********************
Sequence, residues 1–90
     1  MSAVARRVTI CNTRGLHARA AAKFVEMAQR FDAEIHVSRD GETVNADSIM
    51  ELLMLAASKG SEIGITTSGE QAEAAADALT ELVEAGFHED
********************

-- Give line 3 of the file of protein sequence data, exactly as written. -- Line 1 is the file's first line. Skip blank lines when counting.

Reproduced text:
    51  ELLMLAASKG SEIGITTSGE QAEAAADALT ELVEAGFHED